Now look at the main hull of the F-22. What attitude would the main hull have to be in to plane? What forces from the sails would put it into that attitude?


    What am I missing?
  12. Doug Lord

    Doug Lord Guest

    planing tri's

    CT249: What "formula's presented as proof"? Where? Do you mean ratio's?
    RHOUGH- according to the designer there is less
    rocker in the 22 than some other boats he designed. Looks about the same to me as the 24
    which we "know" planes.
    the current page
    Address: Changed:3:40 PM on Wednesday, February 23, 2005
    By the way the back end of the boat does NOT have to be at a positive angle of incidence in order to plane. I designed an 18' swing keel boat years ago-the TS 18(80 built)- that had a similar knuckle and it planed well.(at about a 3° pitch up)
    Farrier says this on the F22 site:
    "The production F27 then followed, this being the first 'second generation' design and represented a major leap forward in hull shapes with it's low rocker, and planing center hull..." "The F22....will retain the current well proven hull lines..." "Main hull lines have been optimized further with a higher displacement being achieved, but with lower wetted surface area while it has a slightly flatter bottom with less rocker so it will plane earlier."

    Farrier F-22 Trailerable Trimaran
    Address: Changed:2:31 AM on Sunday, August 13, 2006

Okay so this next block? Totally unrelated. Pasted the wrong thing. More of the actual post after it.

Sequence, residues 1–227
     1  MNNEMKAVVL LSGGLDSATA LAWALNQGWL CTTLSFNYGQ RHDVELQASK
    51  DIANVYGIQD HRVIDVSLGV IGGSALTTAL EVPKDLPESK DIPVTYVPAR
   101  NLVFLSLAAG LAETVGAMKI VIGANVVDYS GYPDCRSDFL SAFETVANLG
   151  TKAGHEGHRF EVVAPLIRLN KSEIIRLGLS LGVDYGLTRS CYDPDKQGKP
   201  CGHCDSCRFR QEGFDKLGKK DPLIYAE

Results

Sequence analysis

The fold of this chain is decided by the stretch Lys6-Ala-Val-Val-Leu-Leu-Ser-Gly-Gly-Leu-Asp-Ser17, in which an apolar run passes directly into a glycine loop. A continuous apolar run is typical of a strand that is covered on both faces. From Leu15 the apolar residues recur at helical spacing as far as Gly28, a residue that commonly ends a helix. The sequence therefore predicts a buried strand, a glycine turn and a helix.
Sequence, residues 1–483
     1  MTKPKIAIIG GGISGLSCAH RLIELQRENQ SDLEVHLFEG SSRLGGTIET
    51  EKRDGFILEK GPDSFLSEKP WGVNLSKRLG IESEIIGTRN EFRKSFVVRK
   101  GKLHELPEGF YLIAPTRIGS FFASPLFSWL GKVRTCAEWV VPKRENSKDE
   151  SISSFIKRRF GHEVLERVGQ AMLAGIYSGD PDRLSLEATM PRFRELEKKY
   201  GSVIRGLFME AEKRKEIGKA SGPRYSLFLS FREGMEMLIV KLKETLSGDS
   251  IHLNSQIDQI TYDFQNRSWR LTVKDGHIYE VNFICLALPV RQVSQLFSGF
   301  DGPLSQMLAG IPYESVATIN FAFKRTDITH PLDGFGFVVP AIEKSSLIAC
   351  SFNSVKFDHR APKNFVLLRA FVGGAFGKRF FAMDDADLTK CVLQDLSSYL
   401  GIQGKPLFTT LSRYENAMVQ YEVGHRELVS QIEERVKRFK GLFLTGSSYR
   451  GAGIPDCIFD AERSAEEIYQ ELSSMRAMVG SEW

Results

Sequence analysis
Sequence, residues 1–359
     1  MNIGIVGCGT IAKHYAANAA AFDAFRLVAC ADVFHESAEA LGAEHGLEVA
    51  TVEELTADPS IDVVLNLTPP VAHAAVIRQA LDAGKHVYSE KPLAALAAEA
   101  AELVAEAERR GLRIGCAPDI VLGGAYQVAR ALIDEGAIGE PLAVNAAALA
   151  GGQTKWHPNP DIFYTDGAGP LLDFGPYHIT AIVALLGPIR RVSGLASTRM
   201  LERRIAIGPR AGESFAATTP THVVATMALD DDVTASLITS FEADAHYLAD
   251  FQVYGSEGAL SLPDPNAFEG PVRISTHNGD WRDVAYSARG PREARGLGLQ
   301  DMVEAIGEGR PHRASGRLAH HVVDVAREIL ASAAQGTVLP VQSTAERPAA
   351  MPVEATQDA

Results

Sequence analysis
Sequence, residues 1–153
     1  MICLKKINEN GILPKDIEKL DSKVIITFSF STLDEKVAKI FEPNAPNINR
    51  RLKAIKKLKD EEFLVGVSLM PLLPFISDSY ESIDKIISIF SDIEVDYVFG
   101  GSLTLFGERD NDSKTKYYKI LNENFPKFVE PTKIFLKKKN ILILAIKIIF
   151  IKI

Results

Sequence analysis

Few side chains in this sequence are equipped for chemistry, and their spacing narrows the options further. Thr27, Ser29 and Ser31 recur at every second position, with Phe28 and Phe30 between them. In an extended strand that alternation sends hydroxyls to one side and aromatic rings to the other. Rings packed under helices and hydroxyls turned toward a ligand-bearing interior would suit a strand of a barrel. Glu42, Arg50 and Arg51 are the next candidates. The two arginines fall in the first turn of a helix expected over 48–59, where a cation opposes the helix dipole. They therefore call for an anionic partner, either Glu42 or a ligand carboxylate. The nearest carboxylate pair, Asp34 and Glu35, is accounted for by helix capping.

Last edited by a moderator: Oct 11, 2006
  13. RHough
    Joined: Nov 2005
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    RHough Retro Dude

    "WE" "know" nothing of the sort. Quoting the words of the designer (that we have all read on his web site) proves nothing.

    Ask a designer of planing hulls what rocker at the transom does for planing performance. I never said that the hull at the transom had to have a positive angle, only that the planing surface has to have a positive angle. What force from the sails is acting to pitch the boat up to give the planing surface a positive angle?

    What other effects does a planing vaka have? If the main hull planes (uses dynamic lift to offset weight) doesn't that reduce the RM? Wouldn't it be like wearing a helium filled Michelin Man costume on a trapeze? In what case would reducing RM at higher speeds be a benefit?
  14. Doug Lord

    Doug Lord Guest

    planing tri